$14.3T Debt Ceiling, $13.9T in DEBT!! What to do? Oh yea raise the debt ceiling again

Discussion in 'Economics' started by S2007S, Jan 3, 2011.

  1. S2007S


    Will they raise the debt ceiling? Did they extend the tax cuts, extend the unemployment benefits, create tax credit for first time house buyers, create trillions in stimulus, create QE1 and QE2.

    The answer is YES, they will be raising the debt ceiling again, and of course it will go unnoticed as everyone still thinks the economy and the rest of the country is doing fine. I mean the market is up everyday so who cares what the debt ceiling goes. Its only trillions!!!!!

    So nearly $14,000,000,000,000 in debt and a $14,300,000,000,000 debt ceiling so what else is there to do but raise the fucking debt ceiling once again. Keep the good news coming. This time lets hope they raise the debt ceiling to a cool $100,000,000,000,000 so we can sit back and not have to worry about this debt crisis were in for another few more years. More debt equals happy times for the economy, only way the economy grows is through debt and stimulus. HA!!

    US Debt Limit Fight Would Be 'Catastrophic': White House
    Published: Monday, 3 Jan 2011 | 3:51 AM ET
    Text Size
    By: Reuters

    A top aide to President Barack Obama warned of catastrophic consequences if Republicans follow through on threats to reject an increase in the nation's borrowing limit.

    A White House adviser warned Republicans not to fight for debt curbs.

    Republicans, who will take control of the House of Representatives this week, are demanding spending cuts to curb the $1.3 trillion budget deficit and several have said they would oppose a higher debt ceiling if Obama does not agree to a range of painful cuts.

    White House economic adviser Austan Goolsbee accused Republicans of "playing chicken" with the nation's financial credibility.

    "This is not a game. You know, the debt ceiling ... is not something to toy with," Goolsbee told the ABC News program "This Week." "If we hit the debt ceiling, that's ... essentially defaulting on our obligations, which is totally unprecedented in American history."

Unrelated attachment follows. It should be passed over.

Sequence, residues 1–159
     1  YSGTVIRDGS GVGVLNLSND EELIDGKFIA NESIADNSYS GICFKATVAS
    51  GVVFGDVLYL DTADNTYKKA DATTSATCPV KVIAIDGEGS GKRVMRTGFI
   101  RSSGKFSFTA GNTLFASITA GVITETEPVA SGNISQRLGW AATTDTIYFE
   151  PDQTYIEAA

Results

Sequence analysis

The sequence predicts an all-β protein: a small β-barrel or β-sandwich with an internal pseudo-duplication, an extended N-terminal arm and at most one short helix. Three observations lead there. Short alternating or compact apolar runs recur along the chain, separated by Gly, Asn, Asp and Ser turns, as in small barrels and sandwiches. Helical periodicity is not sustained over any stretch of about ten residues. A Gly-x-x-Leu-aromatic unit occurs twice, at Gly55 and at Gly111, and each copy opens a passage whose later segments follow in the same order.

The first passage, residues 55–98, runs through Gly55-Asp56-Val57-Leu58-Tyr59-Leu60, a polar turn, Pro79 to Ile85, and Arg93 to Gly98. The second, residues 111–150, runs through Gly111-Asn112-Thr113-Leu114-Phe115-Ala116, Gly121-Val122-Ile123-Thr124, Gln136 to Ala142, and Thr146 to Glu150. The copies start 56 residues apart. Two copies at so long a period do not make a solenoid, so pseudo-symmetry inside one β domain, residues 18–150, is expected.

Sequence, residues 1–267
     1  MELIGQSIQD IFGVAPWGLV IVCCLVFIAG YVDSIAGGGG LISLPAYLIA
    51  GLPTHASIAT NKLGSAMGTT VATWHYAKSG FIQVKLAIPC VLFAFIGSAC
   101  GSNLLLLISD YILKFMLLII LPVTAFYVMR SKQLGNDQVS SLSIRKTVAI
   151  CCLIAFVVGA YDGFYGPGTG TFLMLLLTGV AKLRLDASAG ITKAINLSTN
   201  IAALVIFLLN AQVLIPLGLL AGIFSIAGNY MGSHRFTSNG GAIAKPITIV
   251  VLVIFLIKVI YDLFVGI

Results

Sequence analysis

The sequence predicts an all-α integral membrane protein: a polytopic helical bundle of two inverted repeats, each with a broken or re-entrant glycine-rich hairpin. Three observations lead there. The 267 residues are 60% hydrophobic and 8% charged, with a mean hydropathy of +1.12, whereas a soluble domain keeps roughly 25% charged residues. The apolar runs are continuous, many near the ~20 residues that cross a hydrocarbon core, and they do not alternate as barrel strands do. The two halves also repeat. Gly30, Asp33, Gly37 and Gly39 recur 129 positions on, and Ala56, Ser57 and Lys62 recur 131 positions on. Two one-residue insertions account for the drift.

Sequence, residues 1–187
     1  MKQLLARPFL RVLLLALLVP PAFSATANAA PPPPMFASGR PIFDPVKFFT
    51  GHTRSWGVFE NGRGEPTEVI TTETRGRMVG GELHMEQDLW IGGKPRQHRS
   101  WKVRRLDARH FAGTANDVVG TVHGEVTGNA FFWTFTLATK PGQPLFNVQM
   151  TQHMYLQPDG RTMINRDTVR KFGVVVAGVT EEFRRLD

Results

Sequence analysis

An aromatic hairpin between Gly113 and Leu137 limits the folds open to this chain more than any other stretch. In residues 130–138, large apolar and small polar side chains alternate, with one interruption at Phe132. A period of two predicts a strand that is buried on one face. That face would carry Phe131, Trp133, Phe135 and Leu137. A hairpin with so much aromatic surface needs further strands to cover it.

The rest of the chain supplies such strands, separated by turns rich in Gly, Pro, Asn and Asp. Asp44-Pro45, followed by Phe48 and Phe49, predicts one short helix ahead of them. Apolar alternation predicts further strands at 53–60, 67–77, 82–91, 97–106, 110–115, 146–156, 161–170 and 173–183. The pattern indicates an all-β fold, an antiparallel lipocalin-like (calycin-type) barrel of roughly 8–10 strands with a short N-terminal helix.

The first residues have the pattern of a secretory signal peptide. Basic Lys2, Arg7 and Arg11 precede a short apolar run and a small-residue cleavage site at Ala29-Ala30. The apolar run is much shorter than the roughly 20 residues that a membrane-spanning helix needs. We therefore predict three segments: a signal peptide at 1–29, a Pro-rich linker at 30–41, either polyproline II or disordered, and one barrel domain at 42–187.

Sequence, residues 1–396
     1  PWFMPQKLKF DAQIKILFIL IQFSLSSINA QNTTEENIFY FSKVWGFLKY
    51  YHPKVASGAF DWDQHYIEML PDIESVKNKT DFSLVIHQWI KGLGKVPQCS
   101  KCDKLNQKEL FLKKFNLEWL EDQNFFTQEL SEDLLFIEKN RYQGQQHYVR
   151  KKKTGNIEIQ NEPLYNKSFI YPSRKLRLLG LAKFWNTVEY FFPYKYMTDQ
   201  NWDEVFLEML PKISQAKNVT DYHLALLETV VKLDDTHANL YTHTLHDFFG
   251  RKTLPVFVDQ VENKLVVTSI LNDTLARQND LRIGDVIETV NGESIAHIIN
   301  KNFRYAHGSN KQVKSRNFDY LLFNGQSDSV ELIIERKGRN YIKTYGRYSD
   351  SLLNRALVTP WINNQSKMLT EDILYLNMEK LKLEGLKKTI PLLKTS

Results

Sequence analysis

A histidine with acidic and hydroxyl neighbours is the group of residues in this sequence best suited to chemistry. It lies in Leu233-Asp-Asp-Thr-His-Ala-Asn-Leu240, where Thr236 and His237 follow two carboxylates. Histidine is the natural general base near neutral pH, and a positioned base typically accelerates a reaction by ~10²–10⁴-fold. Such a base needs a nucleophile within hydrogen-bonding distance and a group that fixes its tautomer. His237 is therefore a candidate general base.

"The impact on the economy would be catastrophic. I mean, that would be a worse financial economic crisis than anything we saw in 2008," he said.

    Without a vote by Congress to raise the limit on government borrowing, the Treasury Department could bump up against the current $14.3 trillion debt limit.

    Treasury has estimated the limit could be reached during the first or second quarter of this year.

    Republican Rep. Michele Bachmann of Minnesota told CBS' "Face the Nation" Republicans were not looking to shut the government down but they do want to cut spending so the debt limit does not have to be raised "continually."

    "At this point, I am not in favor of raising the debt ceiling," Bachmann said. "Congress has had a big party the last two years. They couldn't spend enough money and now they're standing back, folding their arms ... taunting us about how are you going to go ahead and solve this big spending crisis?"

    "To not raise the debt ceiling could be a default of the United States on bond and Treasury obligations," said Republican Senator Lindsey Graham of South Carolina.

    "That would be very bad for the position of the United States in the world at large," Graham said.

    "But this is an opportunity to make sure the government is changing its spending ways." Graham, speaking on NBC's "Meet the Press," said he would not vote to raise the debt ceiling unless spending is cut back to 2008 levels.

    "The last election was about change, change that really will make us something other than Greece," he said.

    Investment for Growth

    Goolsbee, chairman of the White House Council of Economic Advisers, said Obama is willing to make difficult choices on spending cuts when he unveils his budget next month but also said it was important not to "skimp" on investments like education.

    "We are going to have to make, in the medium run, a series of tough choices, and the president's not afraid to do that, and I think you will see in his budget that he's willing to," Goolsbee said.

    Obama plans to unveil his annual budget proposal in mid-February.

    After their triumphs in November congressional elections, Republicans have vowed to roll back federal spending to 2008 levels, with exceptions for the elderly, U.S. troops and veterans.

    The debt ceiling vote gives them some leverage in the budget debate but Republicans run the risk of getting blamed if the issue stirs turmoil in world markets.